“Where there’s a knife, there’s a life.” And you don’t need some big Rambo pig sticker here—you’re not going to be disarticulating a moose. At minimum, the blade in a good multitool will do. A Swiss Army Knife with a locking blade is a great choice (personal fave, the Victorinox Outrider model); you probably have a pair of pliers in your bike’s toolkit. With the addition of a sturdy fixed-blade knife (four- or five-inch blade), I’d be farting through silk. A wood-saw blade in the Swiss Army Knife or the Multitool is a nice bonus, as is a metal file.
Your wilderness get-out-of-jail-free cards. They’re a poncho or ground cloth. Stuffed with leaves or pine needles, they’re a quilt/mattress. Slit them open to make a poor-man’s tarp. Crawl into a big one and it’s a short-term sleeping bag. The best are the
4- or 6-mil contractor-grade heavy-duty 55-gallon drum liners. The tough, red bags marked “Biohazard” are the best and thickest of all, but the authorities really freak out when they see you crawl out of one.
You should already have some tow rope with you (25 feet of one-inch flat nylon strap from the backpacking shop works the best). But 50 or 100 feet of nylon parachute cord (aka 550-cord) takes up little space and gives you a ton of shelter-construction options. Also good for lashing that $1000 aluminum pannier back on after you’ve scraped it off, or for securing that live goat you bought at the local souk so you can bring it back for dinner.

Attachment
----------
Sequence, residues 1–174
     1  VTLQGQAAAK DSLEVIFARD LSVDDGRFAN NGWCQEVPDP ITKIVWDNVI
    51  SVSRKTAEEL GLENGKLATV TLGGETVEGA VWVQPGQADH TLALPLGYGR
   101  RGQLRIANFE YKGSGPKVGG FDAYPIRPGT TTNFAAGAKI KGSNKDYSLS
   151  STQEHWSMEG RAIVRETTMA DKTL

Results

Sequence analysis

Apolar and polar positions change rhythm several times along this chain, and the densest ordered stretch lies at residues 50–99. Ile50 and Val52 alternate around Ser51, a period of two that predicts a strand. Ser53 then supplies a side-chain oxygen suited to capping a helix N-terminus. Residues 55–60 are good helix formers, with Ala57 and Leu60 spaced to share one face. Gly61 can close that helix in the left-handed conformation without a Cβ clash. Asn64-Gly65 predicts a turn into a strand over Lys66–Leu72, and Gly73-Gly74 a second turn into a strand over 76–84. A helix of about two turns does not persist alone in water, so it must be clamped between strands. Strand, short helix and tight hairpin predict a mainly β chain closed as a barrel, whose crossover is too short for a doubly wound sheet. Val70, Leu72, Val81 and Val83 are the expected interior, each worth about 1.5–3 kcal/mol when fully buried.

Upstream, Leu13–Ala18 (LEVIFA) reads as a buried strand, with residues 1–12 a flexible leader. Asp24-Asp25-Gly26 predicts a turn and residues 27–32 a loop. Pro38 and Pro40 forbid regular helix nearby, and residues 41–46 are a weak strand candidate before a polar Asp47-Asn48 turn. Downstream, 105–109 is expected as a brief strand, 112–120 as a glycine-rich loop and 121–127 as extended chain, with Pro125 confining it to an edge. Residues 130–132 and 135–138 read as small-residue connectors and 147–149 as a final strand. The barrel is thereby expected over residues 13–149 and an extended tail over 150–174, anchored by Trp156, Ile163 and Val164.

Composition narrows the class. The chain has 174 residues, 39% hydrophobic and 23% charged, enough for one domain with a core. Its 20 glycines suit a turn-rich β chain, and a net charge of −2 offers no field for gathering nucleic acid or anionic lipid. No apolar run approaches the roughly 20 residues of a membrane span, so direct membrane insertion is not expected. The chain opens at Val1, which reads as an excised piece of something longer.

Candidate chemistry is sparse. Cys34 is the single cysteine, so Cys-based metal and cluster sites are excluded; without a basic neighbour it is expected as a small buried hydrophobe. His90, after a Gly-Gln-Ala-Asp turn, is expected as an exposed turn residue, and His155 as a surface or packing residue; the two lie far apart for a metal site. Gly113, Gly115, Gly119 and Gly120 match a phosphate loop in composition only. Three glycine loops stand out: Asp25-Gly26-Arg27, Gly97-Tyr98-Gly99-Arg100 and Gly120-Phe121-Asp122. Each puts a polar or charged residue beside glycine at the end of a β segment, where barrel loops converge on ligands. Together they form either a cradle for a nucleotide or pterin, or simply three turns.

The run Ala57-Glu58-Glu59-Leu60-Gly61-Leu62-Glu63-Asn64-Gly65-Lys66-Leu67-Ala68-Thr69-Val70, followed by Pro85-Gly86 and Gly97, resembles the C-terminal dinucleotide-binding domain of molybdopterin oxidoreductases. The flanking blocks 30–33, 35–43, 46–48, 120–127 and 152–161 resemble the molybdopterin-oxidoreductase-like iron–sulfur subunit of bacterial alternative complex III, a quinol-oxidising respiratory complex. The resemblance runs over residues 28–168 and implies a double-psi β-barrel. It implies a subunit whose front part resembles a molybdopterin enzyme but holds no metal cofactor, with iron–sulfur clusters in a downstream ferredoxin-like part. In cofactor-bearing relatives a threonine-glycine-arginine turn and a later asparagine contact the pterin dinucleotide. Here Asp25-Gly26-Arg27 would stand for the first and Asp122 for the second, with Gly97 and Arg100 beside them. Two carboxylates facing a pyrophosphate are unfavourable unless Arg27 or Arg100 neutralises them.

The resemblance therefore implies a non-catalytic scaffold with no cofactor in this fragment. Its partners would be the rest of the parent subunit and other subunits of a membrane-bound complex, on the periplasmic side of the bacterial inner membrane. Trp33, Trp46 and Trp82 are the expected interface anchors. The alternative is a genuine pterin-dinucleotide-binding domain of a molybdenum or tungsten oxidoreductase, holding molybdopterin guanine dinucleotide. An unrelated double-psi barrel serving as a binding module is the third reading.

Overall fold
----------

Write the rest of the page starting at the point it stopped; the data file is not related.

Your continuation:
A tarp gets you out of the sun and protects you from the rain. You can wrap yourself up in it or spread it out. The best are ripstop or silcoat nylon, again available at a camping shop. Eight-by-10 feet is a decent size; 10-by-12 real luxury. If you’re trying to do this on the cheap, a sheet of Tyvek or a painter’s plastic drop cloth from the local hardware store is a fine alternate. Two mil is about the thinnest you can go.